Sony Ericsson Reshuffles Leadership, Looks to Tighten Product Line

Bert Nordberg, a 14-year veteran of telecom system provider Ericsson, has been named president of Sony Ericsson, the firm’s joint cellphone venture with the Japanese consumer electronics giant. He’ll be succeeding Hideki “Dick” Komiyama, a Sony executive who has led Sony Ericsson since 2007 and is now headed for retirement.

Nordberg will be co-president of Sony Ericsson — a new position for the firm — beginning Sept. 1 and will assume full responsibility on Oct. 15.

In another executive reshuffle, Sony Ericsson has also tapped Sir Howard Stringer, Sony’s chairman and chief executive, to take over the chairmanship of the Sony Ericsson board. The role is currently held by Carl-Hendric Svanberg, the Ericsson chief executive, who is in line to become chairman of BP in the United Kingdom.

Although prompted by outside circumstance — Komiyama’s retirement — the moves may be necessary for the venture to right itself in the face of sharply declining revenues.

Dwindling Commitment?

Sony Ericsson, now in its eighth year, has lost at least US$1 billion in the past 12 months. There have also been questions about the companies’ — particularly Ericsson’s — commitment to the endeavor because of their own recent struggles with market forces and falling cash balances, Ronald Gruia, principal analyst and program leader of Frost & Sullivan’s emerging telecoms and ICT practice, told the E-Commerce Times.

“A lot of people have been speculating that the entity would require funding as early as next year from either parent — and it was thought that that crisis would be the catalyst for change,” he said.

“But with Stringer taking over as chairman and Nordberg as president is also a good sign of continued commitment from both parents,” he added.

Pushing New Product Line

On Nordberg’s immediate to-do list is visit the company’s global sites and meet all of the principals, Aldo Liguori, head of global communications for Sony Ericsson, told the E-Commerce Times. “He plans to do that for the first 100 days,” he said.

His longer-term agenda includes continuing Komiyama’s strategies to reduce operating expenses and realign its global resources, including R&D activities, Liguori continued.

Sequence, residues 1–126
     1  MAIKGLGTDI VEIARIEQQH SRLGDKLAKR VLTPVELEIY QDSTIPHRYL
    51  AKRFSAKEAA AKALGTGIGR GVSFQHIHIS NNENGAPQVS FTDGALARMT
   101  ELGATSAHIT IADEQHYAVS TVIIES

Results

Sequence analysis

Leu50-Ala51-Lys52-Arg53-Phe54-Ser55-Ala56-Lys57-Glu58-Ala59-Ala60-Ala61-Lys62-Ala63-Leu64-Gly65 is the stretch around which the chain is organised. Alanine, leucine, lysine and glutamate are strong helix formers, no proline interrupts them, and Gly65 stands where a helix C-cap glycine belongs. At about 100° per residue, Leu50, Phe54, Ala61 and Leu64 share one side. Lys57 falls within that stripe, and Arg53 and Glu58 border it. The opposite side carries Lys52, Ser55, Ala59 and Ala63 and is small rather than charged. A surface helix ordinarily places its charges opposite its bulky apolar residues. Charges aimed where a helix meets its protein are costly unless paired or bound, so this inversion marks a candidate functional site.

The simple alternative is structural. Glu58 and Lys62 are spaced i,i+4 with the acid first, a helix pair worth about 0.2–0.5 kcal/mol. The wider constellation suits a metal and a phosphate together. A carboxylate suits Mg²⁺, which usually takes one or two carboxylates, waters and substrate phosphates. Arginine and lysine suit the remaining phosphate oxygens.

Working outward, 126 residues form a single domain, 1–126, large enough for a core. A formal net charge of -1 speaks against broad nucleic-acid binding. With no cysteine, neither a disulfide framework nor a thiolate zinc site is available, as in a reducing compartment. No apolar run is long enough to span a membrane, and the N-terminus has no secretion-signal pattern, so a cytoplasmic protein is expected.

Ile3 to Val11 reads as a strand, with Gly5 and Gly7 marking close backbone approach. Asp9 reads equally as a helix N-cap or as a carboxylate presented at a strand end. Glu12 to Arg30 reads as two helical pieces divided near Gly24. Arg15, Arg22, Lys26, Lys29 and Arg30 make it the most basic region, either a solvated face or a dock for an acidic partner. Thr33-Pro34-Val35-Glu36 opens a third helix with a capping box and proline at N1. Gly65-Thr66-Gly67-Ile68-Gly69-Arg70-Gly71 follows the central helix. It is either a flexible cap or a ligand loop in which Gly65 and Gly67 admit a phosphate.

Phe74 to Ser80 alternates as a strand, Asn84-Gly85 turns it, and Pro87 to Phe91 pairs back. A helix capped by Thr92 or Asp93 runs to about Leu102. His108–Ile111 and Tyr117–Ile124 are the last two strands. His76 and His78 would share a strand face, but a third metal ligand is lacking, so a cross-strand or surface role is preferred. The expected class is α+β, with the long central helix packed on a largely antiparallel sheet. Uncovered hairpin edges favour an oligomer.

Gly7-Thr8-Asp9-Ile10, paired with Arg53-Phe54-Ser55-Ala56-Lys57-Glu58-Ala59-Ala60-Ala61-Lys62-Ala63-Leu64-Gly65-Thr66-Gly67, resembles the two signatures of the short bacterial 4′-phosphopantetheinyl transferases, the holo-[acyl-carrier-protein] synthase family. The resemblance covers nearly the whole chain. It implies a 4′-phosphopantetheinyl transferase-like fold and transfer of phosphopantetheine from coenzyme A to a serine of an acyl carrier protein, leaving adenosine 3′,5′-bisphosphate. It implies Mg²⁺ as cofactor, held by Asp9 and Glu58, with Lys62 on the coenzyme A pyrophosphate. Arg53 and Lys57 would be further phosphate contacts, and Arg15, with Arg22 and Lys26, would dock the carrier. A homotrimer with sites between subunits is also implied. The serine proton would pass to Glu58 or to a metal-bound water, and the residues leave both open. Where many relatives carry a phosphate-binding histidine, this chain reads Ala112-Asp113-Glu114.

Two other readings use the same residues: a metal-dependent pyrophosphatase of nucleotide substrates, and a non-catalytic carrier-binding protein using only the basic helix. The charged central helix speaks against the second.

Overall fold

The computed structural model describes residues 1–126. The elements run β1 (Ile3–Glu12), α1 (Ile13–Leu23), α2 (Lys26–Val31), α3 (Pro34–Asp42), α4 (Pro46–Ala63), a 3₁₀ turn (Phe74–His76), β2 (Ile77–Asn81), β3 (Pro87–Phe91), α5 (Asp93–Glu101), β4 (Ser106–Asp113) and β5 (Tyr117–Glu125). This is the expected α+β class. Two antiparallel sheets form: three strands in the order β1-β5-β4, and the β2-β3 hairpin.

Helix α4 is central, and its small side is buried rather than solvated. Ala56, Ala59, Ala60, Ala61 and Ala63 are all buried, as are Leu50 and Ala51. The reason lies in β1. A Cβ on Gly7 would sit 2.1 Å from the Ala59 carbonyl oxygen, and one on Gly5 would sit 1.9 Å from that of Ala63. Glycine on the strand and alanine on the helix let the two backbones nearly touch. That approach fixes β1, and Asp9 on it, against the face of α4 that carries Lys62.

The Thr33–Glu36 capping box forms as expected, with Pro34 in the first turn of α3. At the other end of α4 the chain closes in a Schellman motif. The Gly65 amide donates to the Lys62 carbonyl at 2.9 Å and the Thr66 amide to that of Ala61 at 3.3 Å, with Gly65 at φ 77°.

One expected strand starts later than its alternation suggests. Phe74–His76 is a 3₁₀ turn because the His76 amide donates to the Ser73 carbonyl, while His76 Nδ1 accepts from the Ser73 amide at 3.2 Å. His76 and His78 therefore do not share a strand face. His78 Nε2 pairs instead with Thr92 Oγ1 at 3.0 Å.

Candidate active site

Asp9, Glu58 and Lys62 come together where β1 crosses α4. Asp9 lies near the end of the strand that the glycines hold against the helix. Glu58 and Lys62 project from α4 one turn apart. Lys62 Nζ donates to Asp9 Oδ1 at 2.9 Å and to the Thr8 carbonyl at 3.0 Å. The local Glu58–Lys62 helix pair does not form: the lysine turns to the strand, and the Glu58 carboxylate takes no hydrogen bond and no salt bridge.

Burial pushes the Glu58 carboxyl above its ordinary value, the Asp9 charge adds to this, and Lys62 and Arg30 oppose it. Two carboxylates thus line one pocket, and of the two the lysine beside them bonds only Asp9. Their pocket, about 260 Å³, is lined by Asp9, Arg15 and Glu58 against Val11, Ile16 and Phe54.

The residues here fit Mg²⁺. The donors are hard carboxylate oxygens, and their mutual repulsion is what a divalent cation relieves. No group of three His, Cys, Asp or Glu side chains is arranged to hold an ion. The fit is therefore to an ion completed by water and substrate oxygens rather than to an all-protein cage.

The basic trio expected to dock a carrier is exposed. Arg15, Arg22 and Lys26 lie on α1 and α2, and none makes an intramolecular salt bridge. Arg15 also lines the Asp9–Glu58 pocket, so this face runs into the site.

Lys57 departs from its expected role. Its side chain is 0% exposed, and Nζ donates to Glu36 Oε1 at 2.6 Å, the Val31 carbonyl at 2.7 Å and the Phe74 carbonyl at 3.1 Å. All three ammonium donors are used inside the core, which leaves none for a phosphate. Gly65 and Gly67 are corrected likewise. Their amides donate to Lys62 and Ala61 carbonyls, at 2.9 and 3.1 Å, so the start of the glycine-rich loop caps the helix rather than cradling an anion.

Perhaps of greatest interest to consumers, though, will be Nordberg’s plans for the company’s development and support of its mid-range and high-end mobile handsets.

Here, too, he will be following to a large extent a development roadmap laid out by his predecessor.

“About a year ago, we made some harsh decisions about reducing the product portfolio by about 20 percent,” Liguori said. “The objective is to sell fewer products but more of each one and to focus on strong product differentiation among the ones we kept.”

It was not just a matter of costs — earlier strategies of maintaining several products with little variation was too confusing for both operators and consumers, he said.

In the past, Sony Ericsson might introduce anywhere between 30 to 45 new phones per year. Now that number is closer 20 to 30. “Our aim is to leverage our skill and technology in music, imaging, social networking, Internet applications, content and services,” Liguori said.

Sony Ericsson has also announced it is working on a phone based on the Android platform, but Liguori declined to say whether it will be part of next year’s roll-out.

Sharpening Competition

A sharper focus on its smartphones will be key if the venture wants to remain afloat, Gruia said.

“Sony Ericsson is facing strong headwinds, which is another reason why Nordberg is a good pick — he was one of the key players that transformed Ericsson in 2003,” he said.

Competition in the mid-level and high-end smartphone space has never been tighter, Gruia noted. “That is the segment that Sony Ericsson needs to fix, especially in the mid range where companies like LG are gaining market share.” Nokia and Motorola are sharpening their competitive focus on this segment as well, he also noted.

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